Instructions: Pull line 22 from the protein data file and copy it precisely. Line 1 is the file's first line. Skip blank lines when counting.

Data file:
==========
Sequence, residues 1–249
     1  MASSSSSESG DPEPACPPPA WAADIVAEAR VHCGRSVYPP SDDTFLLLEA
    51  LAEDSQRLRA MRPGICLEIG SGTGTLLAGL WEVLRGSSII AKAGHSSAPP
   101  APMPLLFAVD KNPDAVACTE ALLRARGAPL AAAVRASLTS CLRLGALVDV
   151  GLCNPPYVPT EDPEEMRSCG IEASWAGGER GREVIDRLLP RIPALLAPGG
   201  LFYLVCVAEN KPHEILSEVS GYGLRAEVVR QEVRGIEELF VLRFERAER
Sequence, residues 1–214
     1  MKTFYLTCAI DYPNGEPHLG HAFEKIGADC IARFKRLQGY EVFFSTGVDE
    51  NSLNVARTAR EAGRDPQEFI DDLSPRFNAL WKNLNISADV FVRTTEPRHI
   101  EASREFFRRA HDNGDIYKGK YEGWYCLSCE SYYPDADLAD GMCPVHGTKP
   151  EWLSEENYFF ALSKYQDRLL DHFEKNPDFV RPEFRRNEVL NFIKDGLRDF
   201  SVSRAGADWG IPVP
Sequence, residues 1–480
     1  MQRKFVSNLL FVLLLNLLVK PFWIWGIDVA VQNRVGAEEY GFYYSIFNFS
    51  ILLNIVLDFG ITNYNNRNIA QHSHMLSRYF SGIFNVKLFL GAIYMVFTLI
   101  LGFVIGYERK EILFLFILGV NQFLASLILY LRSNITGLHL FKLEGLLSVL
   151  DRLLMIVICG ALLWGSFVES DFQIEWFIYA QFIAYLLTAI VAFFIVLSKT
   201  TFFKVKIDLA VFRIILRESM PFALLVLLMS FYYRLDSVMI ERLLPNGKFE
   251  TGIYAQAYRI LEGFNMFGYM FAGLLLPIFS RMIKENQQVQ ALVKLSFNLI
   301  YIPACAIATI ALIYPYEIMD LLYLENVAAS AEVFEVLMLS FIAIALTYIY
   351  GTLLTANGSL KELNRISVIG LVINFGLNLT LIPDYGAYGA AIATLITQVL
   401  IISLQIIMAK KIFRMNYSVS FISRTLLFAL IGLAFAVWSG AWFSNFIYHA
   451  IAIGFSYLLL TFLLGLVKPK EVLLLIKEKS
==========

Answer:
   401  IISLQIIMAK KIFRMNYSVS FISRTLLFAL IGLAFAVWSG AWFSNFIYHA